The U.S. Supreme Court on December 1 let stand the Illinois Supreme Court’s ruling in People v. Davis, which found that Miller v. Alabama applies retroactively. This means that approximately 80 people given mandatory sentences of life in prison without the possibility of parole as children in Illinois will be immediately eligible for resentencing.
The state’s highest court found that a child cannot be sentenced to life without parole unless the sentencing includes an established process for considering the child’s age and other characteristics of youthfulness, such as mental development. The court ruled that Miller applies to everyone serving the sentence, regardless of when their sentence was given.
Miller found on June 25, 2012 that it is a violation of the Eighth Amendment prohibition on cruel and unusual punishment to impose an automatic sentence of life without parole for a crime committed by a person younger than 18. Illinois is one of nine states whose highest courts have ruled that Miller applies retroactively to everyone serving the sentence. Iowa, Massachusetts, Mississippi, New Hampshire, South Carolina, Texas, Nebraska and Wyoming are the other states. Four states – Louisiana, Michigan, Minnesota and Pennsylvania — have ruled that Miller does not apply retroactively. Our hope is that the U.S. Supreme Court will eventually take up the issue of retroactivity and ensure that Miller is applied to ALL those currently serving mandatory life without parole for crimes committed as children. Where a child was sentenced should not determine whether he or she will die in prison.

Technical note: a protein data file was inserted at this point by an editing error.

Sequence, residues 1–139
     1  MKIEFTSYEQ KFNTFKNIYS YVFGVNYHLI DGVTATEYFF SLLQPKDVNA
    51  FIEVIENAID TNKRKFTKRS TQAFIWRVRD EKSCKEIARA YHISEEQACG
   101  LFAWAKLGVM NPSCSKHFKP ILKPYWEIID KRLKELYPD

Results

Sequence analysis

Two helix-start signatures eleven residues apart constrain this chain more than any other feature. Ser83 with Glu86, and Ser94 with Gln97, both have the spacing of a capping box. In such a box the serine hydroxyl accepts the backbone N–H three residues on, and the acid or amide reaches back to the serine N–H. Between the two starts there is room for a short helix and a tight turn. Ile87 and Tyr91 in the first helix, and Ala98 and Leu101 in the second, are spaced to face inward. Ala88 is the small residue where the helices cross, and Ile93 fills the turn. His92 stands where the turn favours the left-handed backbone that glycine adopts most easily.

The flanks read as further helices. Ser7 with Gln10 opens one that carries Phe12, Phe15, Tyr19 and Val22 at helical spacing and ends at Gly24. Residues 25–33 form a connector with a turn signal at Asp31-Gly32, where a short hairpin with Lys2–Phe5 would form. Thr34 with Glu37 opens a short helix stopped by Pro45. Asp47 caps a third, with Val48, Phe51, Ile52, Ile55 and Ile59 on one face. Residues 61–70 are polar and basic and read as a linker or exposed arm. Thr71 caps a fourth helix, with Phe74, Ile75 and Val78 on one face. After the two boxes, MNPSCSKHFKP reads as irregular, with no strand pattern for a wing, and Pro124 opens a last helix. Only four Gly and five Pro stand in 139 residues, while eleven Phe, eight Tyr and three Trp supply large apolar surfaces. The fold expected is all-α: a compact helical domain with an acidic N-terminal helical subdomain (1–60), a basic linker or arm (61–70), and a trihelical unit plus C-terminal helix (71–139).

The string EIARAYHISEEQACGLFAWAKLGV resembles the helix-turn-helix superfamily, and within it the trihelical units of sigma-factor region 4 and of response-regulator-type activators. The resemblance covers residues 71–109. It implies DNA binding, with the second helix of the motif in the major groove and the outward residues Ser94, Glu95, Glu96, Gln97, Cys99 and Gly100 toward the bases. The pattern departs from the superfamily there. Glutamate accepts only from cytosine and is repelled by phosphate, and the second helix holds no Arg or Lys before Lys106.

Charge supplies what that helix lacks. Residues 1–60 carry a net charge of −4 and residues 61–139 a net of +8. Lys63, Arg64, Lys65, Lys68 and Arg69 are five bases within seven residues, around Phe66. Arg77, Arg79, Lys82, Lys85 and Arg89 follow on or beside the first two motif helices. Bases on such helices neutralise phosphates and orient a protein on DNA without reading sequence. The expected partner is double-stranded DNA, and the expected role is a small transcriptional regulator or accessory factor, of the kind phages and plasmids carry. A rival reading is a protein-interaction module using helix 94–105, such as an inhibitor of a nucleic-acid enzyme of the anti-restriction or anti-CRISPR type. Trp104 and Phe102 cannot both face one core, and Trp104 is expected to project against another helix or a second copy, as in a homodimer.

The U.S. Supreme Court declined the case shortly after another positive development on this issue. The United Nations Committee Against Torture recently called for the U.S. to end the practice of sentencing children to life in prison without parole, regardless of the crime. The Committee also called for opportunities for people serving life without parole for crimes committed as children to “have their cases reviewed by a court for reassessment and resentencing, to restore parole eligibility and for a possible reduction of sentence.” The United States remains the only country in the world known to sentence children to life in prison without parole. Together, we will end this deplorable practice and ensure all children are given hope of release!
Read an amicus brief filed by formerly incarcerated youth, including Xavier McElrath-Bey, who now is youth justice advocate at the Campaign for the Fair Sentencing of Youth.